I wanted to cross the Pacific Ocean with my husband on our sailboat. I wanted to dive with the hundreds of sharks on the other side. But I was so afraid of both these things. They required placing myself solely in the hands of nature and suspending my sense of control over what happened.

After much analysis I decided at a mental level these things were reasonably safe, although they still felt scary. So I crossed over, despite the fear, and found only good things on the other side. Brian and I sailed across the Pacific Ocean and now I’ve done one of the biggest shark dives in French Polynesia. Five times.

For most divers, this will be the biggest shark dive they ever do. Only I get to do it over and over again, living minutes away aboard Magic.

The South Pass of Fakarava easily has over 250 sharks swimming slowly into the current. There are Gray Reef Sharks, Black Tip Sharks and White Tip Sharks. These sharks see divers every day. They are used to being observed and neither flee nor circle you, they just drift on by. They are bored with you.

The huge aggregations of sharks have been respectful of our personal space and are actually really nice diving companions. I challenge you to look at these creatures with an open mind and enjoy these images without fear.

Meet the sharks of Fakarava.


Yesterday we did the big shark dive at Makemo Atoll. It was one of the best days of my life. Brian and I had a simply wonderful day overall, plus the dive was exhilarating and empowering. Wow, just wow.

It was a drift dive where we rode the current of the flooding tide into the lagoon. We took our dinghy up to the place where the lagoon empties into the ocean. We tested the current to be sure it wouldn’t push us out to sea and then entered the warm water. Brian clipped our dinghy to his BCD using a floating line. We then descended about 50 feet and rode a gentle current into the lagoon.

Beauty abounded as we drifted past caves full of fish and enjoyed healthy coral blanketing the sea floor. During the dive the current steadily increased due to the rising tide. After 30 minutes the current had become significantly faster and I was starting to run out of air. Then we drifted by the sharks.

It was an intense and agitated scene. First I saw schools of shimmering Big Eye Scads darting around crazily. The fish were fleeing from at least 25 feeding sharks, which began to come into view as the current carried me directly toward them.

Gray Reef Sharks, Blacktip Sharks and Whitetip Sharks were rapidly flowing over the colorful coral bottom, chasing fish and rooting around in crevices. I flew by them on the rapid current, awestruck. They swirled around me, continuing their activities with an attitude of indifference. It was such an overwhelming scene I could barely think. But the thoughts I did have were focused on the fact I was nearly out of air. I kept telling myself not to lose myself in the moment with these sharks.

I felt no fear. The sharks were doing their thing and I was doing mine. We shared space for a brief moment in time, and they graciously accepted us. That’s how I thought of the sharks. Gracious. Sure, they could get right in our faces and scare us, but why? It would be a waste of time. They are more pragmatic than that. Better to be gracious hosts and tolerate the strange black divers until the current quickly sweeps them away.

A couple sharks found a tasty morsel in a crevice and a small feeding frenzy began right at the end of our time with them. You can see a little bit of it at the end of the video. And then that was it. We had drifted past them and they were gone. We began our ascent back to the surface and to our dinghy, glowing from an unforgettable dive.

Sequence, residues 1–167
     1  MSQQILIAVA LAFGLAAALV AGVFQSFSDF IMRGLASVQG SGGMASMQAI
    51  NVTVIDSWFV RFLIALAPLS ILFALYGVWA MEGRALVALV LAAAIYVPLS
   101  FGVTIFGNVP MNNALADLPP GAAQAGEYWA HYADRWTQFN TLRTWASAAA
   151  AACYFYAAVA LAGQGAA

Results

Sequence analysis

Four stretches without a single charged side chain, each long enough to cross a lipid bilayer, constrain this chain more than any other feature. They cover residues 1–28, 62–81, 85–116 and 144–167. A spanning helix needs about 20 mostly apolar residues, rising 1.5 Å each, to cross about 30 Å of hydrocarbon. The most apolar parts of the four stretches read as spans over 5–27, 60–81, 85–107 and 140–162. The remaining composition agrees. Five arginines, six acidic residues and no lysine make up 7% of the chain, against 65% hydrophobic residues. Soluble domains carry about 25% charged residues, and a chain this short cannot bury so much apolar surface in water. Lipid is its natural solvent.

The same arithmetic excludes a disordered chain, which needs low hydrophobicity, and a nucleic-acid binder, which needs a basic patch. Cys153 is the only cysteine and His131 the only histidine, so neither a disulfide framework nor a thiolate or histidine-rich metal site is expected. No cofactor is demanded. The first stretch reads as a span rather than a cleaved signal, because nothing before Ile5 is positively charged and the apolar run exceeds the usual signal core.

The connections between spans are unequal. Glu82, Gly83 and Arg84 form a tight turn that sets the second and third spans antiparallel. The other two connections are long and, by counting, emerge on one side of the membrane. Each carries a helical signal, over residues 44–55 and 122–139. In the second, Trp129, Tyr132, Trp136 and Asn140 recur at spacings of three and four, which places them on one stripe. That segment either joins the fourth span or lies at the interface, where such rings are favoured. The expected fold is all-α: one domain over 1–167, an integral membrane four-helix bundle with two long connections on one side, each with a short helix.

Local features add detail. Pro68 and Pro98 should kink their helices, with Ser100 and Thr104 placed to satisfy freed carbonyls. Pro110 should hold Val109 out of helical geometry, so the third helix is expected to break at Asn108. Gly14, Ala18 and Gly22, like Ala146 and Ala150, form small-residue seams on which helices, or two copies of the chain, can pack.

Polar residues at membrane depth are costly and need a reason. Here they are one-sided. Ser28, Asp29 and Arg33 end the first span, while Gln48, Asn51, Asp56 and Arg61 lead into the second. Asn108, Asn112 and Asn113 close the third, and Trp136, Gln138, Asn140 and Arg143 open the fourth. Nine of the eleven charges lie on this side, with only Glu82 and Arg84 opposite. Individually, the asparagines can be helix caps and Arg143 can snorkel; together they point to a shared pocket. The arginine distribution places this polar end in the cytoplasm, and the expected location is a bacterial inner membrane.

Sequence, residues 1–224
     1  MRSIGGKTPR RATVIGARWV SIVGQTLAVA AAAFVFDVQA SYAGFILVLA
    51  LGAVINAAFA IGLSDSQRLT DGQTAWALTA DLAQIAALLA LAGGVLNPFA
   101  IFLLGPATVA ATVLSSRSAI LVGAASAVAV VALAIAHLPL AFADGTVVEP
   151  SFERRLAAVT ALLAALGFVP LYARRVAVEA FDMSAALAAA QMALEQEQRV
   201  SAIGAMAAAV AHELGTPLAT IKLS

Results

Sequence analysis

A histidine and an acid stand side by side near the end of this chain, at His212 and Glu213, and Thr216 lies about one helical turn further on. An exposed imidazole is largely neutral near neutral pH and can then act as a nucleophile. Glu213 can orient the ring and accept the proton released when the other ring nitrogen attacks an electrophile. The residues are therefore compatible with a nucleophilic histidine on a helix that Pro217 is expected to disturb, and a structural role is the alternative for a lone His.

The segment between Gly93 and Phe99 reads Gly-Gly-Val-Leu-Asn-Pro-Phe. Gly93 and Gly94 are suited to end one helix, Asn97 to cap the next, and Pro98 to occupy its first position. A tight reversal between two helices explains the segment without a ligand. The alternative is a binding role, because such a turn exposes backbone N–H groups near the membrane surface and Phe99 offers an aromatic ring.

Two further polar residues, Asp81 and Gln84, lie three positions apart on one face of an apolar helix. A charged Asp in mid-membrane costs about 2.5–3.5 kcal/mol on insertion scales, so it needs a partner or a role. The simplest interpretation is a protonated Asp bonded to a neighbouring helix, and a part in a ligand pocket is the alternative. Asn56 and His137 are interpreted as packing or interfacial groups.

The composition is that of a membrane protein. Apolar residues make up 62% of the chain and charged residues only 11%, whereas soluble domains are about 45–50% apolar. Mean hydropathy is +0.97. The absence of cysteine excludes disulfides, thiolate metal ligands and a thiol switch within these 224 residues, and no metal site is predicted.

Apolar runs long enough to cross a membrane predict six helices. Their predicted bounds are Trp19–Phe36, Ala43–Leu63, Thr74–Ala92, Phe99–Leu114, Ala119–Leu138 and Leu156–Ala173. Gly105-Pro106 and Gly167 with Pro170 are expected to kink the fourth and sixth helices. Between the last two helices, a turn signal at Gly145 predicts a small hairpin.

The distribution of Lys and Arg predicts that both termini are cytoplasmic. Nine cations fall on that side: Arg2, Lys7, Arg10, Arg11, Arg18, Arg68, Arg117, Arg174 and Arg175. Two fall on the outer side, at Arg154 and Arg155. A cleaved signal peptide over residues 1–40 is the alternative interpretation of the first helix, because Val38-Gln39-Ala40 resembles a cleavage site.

There are plenty of sharks in the Tuamotus. This morning when I was at 60 feet a gray reef shark swam by and checked me out. I hovered in place and turned on my video camera as the graceful, curious creature slowly became larger and larger in the frame. It continued closing the distance between us until it was only 15 feet away. Then it veered off and went the other direction.

I’ve always had mixed feelings about shark diving. I’ve done it, yes, but always felt a jolt when I saw a shark nearby. I definitely felt plenty of jolts last year at the Revillagigedos when a few Silky Sharks got too interested and started circling us. Brian finally hit one of them with his camera and then they left. Oh yeah, big time jolts.

I love sharks, but they can be frightening, too. They don’t always flee like other fish; they’re more curious and attentive than other animals I’ve met underwater. And sometimes they’re bigger than me.

We’ve been in the Tuamotus for eight days and we see sharks on almost every dive. I am fascinated by them and they haven’t been aggressive at all. We haven’t seen any Silkies either, which I like. We see plenty of Gray Sharks, Blacktip Sharks and Whitetip Sharks.

Each day I have become more comfortable with the sharks. The jolts have nearly gone away. When I surprised a sleeping shark a few days ago I felt a tiny jolt, but not much. I swam around a corner and had a close encounter with a small whitetip shark. It darted right in front of me and quickly swam away.

Today when the reef shark came right up to me and I didn’t feel a jolt, I realized I am ok with this now. I’m ok with these sharks. I’m ok with their curiosity.

The next question is, am I ready for the big shark dive? There’s a pass here where you can ride the current past 50+ sharks and thousands of colorful fish. Brian and our friends Dan and Kristy have been doing amazing drift dives there each day. I’ve snorkeled the pass and seen the sharks. It’s truly an incredible sight and I want to experience it close-up, underwater.

I think I’m ready. I want to drift dive with 50 sharks. Internet, what do you think? Am I ready? Should I do this tomorrow?


“Lagoon” is one of my favorite words now. We just arrived in the Tuamotus yesterday and I still can’t believe this is real. The lagoon water is clear, warm and calm. It’s protected on all sides by coral. It reminds me of a placid Idaho lake, where waves don’t get very large. This lagoon is about 8 miles wide.